due to the resistance of the absorption unit to gas flow, all or the major fraction of the expired gas will flow thru the inspiratory conduit 8 instead of thru the expiratory conduit 1. Both expired and inspired gas will thus pass thru the 10 inspiratory conduit as long as the flutter valve in 5 the desired point. The absorption means I2 in the present instant comprises a canister 14 having openings 18 and 11 at its ends, and containing a suitable absorbent chemical 15, such for instance as the soda lime mixture commonly, used for the absorption of carbon dioxide. In accordance with the invention this canister is mounted for easy removal from the circuit and replacement, there being provided in the, exemplified construction a mounting means, shown in Fig. 1 and illustratedin particular detail in Fig. 8, in which figure the mounting means is the same as that shown in Fig. 1, although a modification of the tubing arrangementis illustrated. This mounting'means which may itself be supported in any desired manner, comprises a supporting ring 18 carrying a conduit portion 19, and also comprises a bracket 89. The canister 14 rests upon a gasket 8| supported in the present instance on a flange 82 on the tubular portion 19. Resting upon a gasket 83 carried by the top of the canister is a connection 84 providing a passageway 85 which, when the connection is in place, leads to the opening 16., The connection 84 carries an arm 86 having a threaded post 81 at its upper end. Threadedly mounted on this post is a wheel 88 held against vertical movement by arms 89 and 90 on the bracket 80, the arms being formed to permit free vertical movement of the post. The wheel is mounted in any suitable manner for free rotative movement. Upon the rotation of the wheel 88 the connector 84 will be lifted so .as to permit the ready removal and replacement of the double-ended canister 14. In

the form of construction illustrated in Fig. 1 the end of the rubber tube is mounted on the free end of the connector, and a rubber tube 9| serves to connect the tubular portion 19 with a T-shaped connection 92, one branch of which communicates with the pipe 50 so as to complete a circuit 55 from the connector 8. It will thus be seen that there is provided a double-ended canister which is effectively included in the circuit for the removal of a required amount of carbon dioxide formed during breathing, and which is removable 6 and replaceable with the utmost ease, and is also held in place with particular efiectiveness during 'use..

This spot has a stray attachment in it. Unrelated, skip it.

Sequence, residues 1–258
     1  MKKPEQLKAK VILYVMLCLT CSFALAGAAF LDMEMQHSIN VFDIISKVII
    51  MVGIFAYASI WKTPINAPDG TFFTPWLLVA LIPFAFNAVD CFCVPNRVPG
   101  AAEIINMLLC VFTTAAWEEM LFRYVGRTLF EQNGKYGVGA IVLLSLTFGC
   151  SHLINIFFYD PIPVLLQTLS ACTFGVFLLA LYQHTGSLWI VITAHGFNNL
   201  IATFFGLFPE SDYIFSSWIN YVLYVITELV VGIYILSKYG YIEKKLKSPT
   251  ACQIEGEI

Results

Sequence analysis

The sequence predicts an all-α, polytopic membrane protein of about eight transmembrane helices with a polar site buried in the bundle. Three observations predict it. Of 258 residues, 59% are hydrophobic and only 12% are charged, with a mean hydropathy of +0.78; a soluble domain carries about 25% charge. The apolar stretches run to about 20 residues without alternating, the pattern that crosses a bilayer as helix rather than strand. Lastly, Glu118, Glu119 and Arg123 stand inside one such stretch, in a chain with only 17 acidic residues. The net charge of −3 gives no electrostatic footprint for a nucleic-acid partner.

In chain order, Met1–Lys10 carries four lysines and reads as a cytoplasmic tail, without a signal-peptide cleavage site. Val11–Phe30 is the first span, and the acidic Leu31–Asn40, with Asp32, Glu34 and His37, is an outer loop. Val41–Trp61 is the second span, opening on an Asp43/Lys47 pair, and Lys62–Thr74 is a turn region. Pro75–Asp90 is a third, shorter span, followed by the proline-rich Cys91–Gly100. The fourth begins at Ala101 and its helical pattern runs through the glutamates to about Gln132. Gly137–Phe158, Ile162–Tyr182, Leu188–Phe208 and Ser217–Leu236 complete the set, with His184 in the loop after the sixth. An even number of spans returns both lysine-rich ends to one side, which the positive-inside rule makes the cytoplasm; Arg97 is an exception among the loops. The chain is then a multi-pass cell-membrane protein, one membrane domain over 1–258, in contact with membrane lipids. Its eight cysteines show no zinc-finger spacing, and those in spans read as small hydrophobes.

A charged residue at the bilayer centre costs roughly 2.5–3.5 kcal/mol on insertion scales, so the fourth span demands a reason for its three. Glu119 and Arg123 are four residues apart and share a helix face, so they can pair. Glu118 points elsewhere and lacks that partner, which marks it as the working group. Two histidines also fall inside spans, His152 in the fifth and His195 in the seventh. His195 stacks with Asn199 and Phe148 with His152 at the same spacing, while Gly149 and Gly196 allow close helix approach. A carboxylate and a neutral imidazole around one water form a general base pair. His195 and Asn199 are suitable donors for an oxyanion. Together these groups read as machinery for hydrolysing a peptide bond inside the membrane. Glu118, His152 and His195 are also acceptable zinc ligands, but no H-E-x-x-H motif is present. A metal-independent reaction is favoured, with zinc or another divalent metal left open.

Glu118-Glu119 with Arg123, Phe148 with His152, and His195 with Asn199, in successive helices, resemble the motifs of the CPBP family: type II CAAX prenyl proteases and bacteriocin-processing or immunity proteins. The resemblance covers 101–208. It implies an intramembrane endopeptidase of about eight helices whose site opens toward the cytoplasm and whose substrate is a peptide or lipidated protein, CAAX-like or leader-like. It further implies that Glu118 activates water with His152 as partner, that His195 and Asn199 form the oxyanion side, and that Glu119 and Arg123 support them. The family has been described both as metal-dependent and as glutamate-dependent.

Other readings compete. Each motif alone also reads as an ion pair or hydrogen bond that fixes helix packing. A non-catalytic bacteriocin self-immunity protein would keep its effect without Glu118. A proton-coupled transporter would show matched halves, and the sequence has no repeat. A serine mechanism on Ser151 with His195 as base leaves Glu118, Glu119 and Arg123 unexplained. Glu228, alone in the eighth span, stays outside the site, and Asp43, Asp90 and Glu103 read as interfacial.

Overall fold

In certain instances it is desirable to provide for a minimum gas loss in situations where, due

to emergency conditions or other cause, it is necessary to remove and replace the canister while the apparatus is in use. In such a case there may be provided, in accordance with the invention, an arrangement wherein the absorption means may be by-passed and the absorption means excluded from the circuit at a point in proximity to the absorption means, and there is illustrated in Fig. 8 one arrangement for this purpose. In this form of construction a rubber 75. tube 93 extends from the free end of the connector 84 to one branch 94 of a four-way pipe 95 containing a rotatable valve member 96 at the meeting point of the branches. Another branch 91 leads to the conduit portion 19, a third branch 98 is connected with the tube 9|, and the fourth branch 99 has the tube 55 fastened thereto; As will be apparent, when the valve member 98 is in the full-line position gas will flow from the tube 55 thru the branches 99 and 94, the tube 93, and the connector 84, thru the chemical 15 in the canisterJ4, and thence thru the tubular portion 19, the branches 91 and 98, to the rubber tube 9|, so as to complete a circuit similar to the circuit provided by the construction exemplified in Fig. 1. When, however, the valve 98 is in the dotted line position gas will vflow directly from the branch 99 to the branch 98 and thence to the tube 9|, so that the branches 94 and 91 will be cut out of the circuit, and when the connector 84 is lifted by the rotation of the wheel 88 the canister may be removed and replaced without permitting the escape of any gas except that contained in the branches 94 and 91, and the parts extending therefrom. Also, as will be apparent, when the valve reaches a horizontal position (Fig. 8) in its clockwise movement from its full-line position to its dotted-line position (or when it reaches a vertical position in its counterclockwise movement), the canister will be bypassed without closing off the passageways thereto; and, as the valve is moved in a clockwise direction from its full-line position to a horizontal position (or in a counter-clockwise direction to a vertical position) it will, toward the end of such movement, first open a small bypass circuit and then a progressively larger bypass circuit until it reaches a horizontal position (or a vertical position, as may be the case). Accordingly, as will be seen, the valve serves to progressively open a by-pass breathing circuit while flow of gas thru the canister is permitted to continue, so that the proportion of gas flowing thru the canister may be regulated,the proportion of gas flowing thru a small by-pass opening and thru the canister, respectively, depending upon the sizeof the by-pass opening and the resistance of the granules in the canister. In this manner, the amount of carbon-dioxide rebreathed by the patient may be readily controlled.